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Monday, March 01, 2010

"Baby Court" A Place For Not Giving Up On Kids

The Denver Post
I return to 191-J. It's the Denver juvenile courtroom with the recent one-day only bargain for those with outstanding judgments or warrants. The reaction to the deal was mixed, with most criticism along the lines of holding people accountable for their behavior. I'd like to observe this courtroom exists precisely due to the void of accountability.
An origin story. About 25 years ago, a city attorney named David Ramirez is hearing from police officers catching kids on minor offenses the district attorney's office won't take because they're penny-ante: Some kid stealing Oreos, kids fist-fighting in the park, a kid wobbling down the street, drunk. Parents might take it seriously. Might not.
None of it rose to the level that'd warrant state charges.
So Ramirez starts talking to community people, probation officers, judges, the district attorney's office and eventually his conversations lead to the creation of 191-J in 1987. It was dedicated to first-time offenders of low-level municipal offenses. It was to be the court where the judge gives kids lectures, then puts them in programs or public service projects where common sense would prevail.
Ramirez had joined the bench by then — and he'd eventually leave amid controversy he was too lenient — but he was 191-J's first judge. From this perch, revelation was only a short time coming: We're just scratching the surface.
"It wasn't just some kid decides to steal or smoke some dope,"

Ramirez tells me. "It had to do with the parents or the lack of parenting or the lack of resources. We weren't capable of dealing with all the issues. We still aren't." I'm telling all this to Regina Huerter, the executive director of the city's Crime Prevention and Control Commission. The commission has been examining the cases filed in 191-J and whether kids are getting into the right systems and services.
What was conceived as a courtroom for first-time offenders with minor offenses started to see more serious crimes perpetrated by repeat offenders. Kids with a string of J-offenses and the most severe punishment the court can dole out is a couple days in a crisis center or an ankle monitor. The screening has improved, but kids still call it "baby court." 191-J has become too a courtroom where a daily balancing act plays out.
"I did most of that stuff when I was a kid," Huerter says. "It used to be something your parents, the school would say, 'Knock it off.' Now, it's a crime.
"There's a huge fear that by taking official action we are putting kids into the system who shouldn't be there, that we are criminalizing adolescent behavior. At the same time, it does us no good to let kids get away with everything."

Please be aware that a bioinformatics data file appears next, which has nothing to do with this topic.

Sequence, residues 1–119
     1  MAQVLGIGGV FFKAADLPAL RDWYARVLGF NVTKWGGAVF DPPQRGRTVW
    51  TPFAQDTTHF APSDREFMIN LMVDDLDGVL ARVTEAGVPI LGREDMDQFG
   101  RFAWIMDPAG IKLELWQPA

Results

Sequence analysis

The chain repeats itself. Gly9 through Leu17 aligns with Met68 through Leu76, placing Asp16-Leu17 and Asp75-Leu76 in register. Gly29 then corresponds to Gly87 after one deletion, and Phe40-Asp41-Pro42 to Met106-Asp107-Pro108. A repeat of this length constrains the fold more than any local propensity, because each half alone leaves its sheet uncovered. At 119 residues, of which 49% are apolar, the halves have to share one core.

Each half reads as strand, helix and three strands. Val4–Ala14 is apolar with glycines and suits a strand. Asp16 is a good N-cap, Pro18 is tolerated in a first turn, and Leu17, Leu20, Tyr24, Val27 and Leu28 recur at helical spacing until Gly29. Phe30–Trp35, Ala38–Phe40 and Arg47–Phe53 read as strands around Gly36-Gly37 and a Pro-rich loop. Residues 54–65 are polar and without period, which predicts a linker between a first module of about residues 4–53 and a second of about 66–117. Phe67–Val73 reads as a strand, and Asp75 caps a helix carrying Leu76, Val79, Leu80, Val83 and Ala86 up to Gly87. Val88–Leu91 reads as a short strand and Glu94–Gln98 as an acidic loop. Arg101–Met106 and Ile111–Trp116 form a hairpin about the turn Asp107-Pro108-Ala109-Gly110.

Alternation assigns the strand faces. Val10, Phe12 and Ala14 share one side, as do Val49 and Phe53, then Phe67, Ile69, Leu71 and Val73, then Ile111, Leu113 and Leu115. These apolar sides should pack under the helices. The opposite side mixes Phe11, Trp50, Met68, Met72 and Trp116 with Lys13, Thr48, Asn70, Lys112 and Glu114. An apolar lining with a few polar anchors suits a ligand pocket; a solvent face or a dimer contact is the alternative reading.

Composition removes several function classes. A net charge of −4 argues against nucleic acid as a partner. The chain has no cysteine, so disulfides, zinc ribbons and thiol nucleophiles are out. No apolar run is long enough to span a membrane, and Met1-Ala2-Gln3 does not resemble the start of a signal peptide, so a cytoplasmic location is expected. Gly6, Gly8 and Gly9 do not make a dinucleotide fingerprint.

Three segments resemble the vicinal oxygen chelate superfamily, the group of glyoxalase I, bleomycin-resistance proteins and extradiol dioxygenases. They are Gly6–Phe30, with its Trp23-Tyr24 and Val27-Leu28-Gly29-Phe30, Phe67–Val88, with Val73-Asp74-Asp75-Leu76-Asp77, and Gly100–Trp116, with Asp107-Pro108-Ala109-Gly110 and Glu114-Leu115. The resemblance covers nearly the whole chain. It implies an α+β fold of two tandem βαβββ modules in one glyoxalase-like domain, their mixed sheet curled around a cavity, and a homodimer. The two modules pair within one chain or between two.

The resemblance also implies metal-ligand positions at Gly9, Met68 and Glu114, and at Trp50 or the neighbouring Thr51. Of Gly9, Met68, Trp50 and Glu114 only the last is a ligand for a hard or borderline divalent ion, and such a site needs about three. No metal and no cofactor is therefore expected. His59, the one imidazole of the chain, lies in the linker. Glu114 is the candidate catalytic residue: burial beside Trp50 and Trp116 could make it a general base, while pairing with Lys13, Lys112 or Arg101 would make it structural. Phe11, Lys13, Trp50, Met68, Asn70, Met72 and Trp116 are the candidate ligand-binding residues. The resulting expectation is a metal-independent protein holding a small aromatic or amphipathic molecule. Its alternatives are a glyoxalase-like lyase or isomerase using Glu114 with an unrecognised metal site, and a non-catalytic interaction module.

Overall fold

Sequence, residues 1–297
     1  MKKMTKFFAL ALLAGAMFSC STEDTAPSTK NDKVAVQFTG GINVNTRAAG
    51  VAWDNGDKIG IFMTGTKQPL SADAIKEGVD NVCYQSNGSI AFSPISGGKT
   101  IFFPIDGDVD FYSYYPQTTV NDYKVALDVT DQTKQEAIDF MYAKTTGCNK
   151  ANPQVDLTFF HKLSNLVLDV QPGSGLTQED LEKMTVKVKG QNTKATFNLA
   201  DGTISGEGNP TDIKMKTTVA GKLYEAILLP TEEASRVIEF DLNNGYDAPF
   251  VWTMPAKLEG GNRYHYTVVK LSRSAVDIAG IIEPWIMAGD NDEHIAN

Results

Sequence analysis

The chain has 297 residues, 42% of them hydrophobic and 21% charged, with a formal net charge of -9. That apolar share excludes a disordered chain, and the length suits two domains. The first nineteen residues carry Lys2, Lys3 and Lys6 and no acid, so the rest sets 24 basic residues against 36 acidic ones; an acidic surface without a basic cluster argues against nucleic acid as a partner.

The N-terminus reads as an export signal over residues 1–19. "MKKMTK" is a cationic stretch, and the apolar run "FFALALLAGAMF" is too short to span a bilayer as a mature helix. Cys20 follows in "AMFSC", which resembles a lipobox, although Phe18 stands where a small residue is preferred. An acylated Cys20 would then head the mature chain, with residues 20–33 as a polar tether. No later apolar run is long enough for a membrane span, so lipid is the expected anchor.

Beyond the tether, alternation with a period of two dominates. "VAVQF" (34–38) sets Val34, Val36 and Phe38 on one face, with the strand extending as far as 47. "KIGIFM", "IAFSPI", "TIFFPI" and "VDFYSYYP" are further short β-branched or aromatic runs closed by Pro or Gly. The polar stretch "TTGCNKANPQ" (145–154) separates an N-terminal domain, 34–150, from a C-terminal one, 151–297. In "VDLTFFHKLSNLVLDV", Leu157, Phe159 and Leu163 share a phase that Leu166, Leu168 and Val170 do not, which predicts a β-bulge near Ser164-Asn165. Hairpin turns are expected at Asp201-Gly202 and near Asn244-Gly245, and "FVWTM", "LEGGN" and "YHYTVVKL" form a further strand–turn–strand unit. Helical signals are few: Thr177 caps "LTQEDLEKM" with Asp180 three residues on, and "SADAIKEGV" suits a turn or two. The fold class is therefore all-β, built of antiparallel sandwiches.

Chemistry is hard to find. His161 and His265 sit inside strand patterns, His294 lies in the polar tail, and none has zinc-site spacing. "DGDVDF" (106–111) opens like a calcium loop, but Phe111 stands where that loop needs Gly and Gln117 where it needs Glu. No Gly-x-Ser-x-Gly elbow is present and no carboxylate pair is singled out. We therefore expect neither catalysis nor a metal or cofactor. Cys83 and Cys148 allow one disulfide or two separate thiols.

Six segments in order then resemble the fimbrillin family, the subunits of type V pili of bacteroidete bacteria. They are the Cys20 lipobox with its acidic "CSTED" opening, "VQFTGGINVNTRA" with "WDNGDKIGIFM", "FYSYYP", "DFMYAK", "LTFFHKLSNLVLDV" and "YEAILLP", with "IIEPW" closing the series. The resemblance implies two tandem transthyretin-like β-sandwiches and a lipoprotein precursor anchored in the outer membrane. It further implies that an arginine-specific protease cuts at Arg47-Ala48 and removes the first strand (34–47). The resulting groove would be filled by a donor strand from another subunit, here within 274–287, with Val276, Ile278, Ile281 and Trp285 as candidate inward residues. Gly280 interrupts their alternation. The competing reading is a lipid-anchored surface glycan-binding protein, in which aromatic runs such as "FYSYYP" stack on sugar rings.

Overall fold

Think about it. We have in this city a courtroom born more than 20 years ago into a vacuum. An emptiness left largely by parents who don't know any better or can't do any better or should just plain know better. But it is also the emptiness of political and social expediency, of short-sightedness. 191-J exists as both necessity and indictment.
"The discussion we need to have is not so much about the court," Huerter says. "It's about the accountability of parents, schools, community. It really is about who is raising our children."
I go back to the court because it is a window. From it I see a judge who will not give up on these young defendants, who calls 191-J "a court of hope," who somehow walks this tightrope between criminalization and consequences. I see parents who are not indifferent — though I know they exist and blaming them is so convenient — but who do not know what else to do. A dad fed up with his seventh-grade son's thieving of whatever he can lay his hands on at school, a box of paper clips, a trophy. "I was going to school with him the first three periods, but as soon as I'd leave, he'd change," dad says.
Friday's docket holds cases of young people who also suffer mental illness, several of whom are progressing well at home and in school. But I am left with the image of a 13-year-old girl who stands before the judge, insolent and chewing gum, with a new ticket for shoplifting. Reading glasses, this time.
She blinks not an eye when he reads her statement from the police report. "It's just another ticket. It don't mean nothing." She sneers at her mother who appears stunned when her daughter admits she'd been smoking marijuana. "I try to talk to her, to be her mother," the woman says to the judge, and the girl says, "you don't try to talk to me."
Her bored expression never changes. Not when the judge tells her she needs to change her attitude. Not when he sentences her to a weekend at the Family Crisis Center. Not when a sheriff's deputy cuffs her.
Outside the courtroom, her mom says: "She needs the wake-up call." And she's grateful.

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